Shakespeare’s Romeo and Juliet is one of the most compelling romances of all time. But detailed psychological profiling shows that finding love with Titania – rather than Juliet – could have prevented Romeo from meeting his untimely end.

Romeo

Romeo

Titania

Titania

To celebrate the 20th anniversary of Baz Luhrmann’s beloved film Romeo + Juliet, relationship site eHarmony.co.uk teamed up with Shakespeare expert David Lawrence, Associate Director of the Pop-Up Globe, to determine the romantic compatibility of 20 of the Bard’s legendary leads.

Which Shakespeare character would YOU be most compatible with? Take this Quiz to find out!

Each Shakespearean character was scored according to eHarmony’s 29 Dimensions of Compatibility – such as emotional temperament, social style, values and beliefs – to assess their mutual suitability.

The eHarmony research found that while Romeo (who scored third in the compatibility league, overall) might have been burning with desire for charismatic Juliet, he was actually better suited to Titania, whose more mature character (combined with her agreeable nature and their shared need for affection) might have helped challenge his self-destructive tendencies.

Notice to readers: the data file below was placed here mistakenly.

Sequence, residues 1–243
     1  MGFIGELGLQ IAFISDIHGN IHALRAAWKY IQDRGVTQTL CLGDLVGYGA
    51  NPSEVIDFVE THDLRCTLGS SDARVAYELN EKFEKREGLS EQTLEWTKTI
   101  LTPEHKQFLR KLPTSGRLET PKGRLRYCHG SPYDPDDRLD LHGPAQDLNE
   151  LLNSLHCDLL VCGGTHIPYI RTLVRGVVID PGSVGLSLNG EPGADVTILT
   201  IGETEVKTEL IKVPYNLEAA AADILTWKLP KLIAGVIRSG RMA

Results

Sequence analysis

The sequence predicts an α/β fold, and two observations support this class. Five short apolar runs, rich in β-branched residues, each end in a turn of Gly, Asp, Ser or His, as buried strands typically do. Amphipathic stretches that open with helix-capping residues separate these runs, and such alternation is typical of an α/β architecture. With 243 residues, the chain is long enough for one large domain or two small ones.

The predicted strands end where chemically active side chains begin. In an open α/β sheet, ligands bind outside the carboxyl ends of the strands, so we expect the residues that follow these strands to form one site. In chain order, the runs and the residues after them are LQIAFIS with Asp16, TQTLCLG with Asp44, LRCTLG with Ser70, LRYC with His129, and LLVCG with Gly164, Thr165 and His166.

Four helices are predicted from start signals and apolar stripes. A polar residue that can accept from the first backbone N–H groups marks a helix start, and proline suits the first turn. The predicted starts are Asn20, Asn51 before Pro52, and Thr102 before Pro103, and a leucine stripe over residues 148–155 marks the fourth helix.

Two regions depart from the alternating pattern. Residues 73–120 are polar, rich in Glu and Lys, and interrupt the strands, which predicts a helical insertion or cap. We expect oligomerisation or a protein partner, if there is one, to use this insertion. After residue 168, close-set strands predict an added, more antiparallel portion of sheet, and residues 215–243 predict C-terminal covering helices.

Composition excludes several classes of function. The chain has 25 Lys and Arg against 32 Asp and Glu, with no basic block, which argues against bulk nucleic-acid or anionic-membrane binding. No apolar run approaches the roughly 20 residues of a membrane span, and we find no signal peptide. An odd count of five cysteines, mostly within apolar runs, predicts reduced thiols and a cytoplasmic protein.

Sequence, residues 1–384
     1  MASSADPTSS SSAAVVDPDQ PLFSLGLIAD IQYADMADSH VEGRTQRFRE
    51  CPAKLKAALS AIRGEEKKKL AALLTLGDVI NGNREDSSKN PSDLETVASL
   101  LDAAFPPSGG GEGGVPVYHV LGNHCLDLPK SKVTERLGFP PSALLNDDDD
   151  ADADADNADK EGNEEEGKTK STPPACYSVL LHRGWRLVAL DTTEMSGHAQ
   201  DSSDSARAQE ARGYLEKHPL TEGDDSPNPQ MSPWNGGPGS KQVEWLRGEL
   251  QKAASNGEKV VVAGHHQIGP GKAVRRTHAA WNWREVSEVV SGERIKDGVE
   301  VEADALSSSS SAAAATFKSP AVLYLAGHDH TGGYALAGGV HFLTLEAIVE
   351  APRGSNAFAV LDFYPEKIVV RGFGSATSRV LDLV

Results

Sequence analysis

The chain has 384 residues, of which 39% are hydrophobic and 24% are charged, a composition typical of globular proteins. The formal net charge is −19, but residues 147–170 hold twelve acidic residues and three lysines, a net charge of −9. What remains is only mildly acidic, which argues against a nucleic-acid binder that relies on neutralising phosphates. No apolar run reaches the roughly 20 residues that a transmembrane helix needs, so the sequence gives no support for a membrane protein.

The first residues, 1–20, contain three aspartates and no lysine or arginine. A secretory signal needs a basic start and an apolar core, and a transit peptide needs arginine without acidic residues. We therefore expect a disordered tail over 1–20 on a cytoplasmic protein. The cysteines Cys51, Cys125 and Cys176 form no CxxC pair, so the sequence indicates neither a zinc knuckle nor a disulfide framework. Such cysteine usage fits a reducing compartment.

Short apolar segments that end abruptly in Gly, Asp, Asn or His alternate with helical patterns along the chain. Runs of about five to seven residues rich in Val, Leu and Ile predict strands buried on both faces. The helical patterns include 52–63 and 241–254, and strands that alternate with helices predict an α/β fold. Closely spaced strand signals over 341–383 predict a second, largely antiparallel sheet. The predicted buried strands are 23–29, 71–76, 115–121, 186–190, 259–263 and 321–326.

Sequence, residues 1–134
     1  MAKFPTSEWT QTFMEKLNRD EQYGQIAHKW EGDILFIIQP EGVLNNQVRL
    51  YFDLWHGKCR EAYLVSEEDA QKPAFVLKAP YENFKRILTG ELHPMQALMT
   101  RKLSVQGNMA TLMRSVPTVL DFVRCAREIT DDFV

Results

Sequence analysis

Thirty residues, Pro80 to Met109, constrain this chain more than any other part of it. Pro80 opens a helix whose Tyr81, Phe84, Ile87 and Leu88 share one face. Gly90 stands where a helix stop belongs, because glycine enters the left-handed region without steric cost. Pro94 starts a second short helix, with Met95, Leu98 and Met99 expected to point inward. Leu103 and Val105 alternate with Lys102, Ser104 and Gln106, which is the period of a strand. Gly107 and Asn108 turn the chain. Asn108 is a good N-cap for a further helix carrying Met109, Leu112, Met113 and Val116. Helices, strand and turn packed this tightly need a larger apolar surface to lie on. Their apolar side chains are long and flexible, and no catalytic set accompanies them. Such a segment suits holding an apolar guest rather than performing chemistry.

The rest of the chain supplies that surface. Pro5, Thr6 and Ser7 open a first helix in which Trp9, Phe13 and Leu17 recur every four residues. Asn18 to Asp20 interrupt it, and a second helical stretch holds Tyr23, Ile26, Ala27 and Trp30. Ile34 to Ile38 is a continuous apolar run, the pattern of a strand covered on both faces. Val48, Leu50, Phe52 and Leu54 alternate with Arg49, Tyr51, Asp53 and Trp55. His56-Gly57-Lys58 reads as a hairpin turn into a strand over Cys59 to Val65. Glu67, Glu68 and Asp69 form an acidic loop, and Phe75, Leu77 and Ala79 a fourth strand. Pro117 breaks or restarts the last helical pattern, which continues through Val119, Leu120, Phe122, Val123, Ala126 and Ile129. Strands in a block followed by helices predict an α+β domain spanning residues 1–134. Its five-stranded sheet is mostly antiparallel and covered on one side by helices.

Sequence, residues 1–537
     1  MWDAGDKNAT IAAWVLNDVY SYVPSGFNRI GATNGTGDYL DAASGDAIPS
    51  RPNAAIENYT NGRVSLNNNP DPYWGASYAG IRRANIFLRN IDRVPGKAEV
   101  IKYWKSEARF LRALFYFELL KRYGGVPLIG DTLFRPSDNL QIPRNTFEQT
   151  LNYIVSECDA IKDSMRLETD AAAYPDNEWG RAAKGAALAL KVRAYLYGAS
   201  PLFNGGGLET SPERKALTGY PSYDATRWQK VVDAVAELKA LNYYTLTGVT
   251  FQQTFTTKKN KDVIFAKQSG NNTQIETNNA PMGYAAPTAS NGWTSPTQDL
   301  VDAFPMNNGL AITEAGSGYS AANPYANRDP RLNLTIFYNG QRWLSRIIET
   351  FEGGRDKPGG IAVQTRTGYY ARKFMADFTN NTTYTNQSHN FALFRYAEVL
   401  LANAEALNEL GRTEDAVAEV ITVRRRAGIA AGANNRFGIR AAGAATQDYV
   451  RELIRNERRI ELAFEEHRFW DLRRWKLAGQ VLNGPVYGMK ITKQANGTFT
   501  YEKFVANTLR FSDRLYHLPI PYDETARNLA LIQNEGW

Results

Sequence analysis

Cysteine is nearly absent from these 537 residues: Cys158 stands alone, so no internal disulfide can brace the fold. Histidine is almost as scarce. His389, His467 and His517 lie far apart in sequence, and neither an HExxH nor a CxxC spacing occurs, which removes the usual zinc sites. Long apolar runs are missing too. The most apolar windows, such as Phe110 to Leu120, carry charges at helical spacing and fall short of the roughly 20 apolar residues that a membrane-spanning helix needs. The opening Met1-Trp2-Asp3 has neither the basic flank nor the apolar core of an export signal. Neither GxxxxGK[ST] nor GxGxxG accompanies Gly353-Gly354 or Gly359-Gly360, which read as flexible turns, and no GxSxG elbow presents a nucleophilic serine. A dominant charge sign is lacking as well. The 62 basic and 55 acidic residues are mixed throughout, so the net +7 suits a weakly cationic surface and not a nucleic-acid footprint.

Baz Luhrmann’s Romeo and Juliet, 1996

Baz Luhrmann’s Romeo and Juliet, 1996

Juliet’s top-rated partner was Ferdinand, the noble – and far less neurotic – prince from The Tempest. Ferdinand’s earnest, good heart works as a better foil for Juliet’s more complex, determined nature, rather than Romeo’s stubborn temperament

The most compatible couple in the study overall were Titania and Macbeth, as despite his dangerous character defects, they would have understood one another’s anxieties and need for both empathy and space.

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Meanwhile, the second best combination were Lady Macbeth and Bassanio (The Merchant of Venice), with eHarmony’s psychological analysis showing their shared interest in manipulating others would complement their wishes for a balance between future planning and spontaneity in a relationship.

Macbeth and Lady Macbeth

Macbeth and Lady Macbeth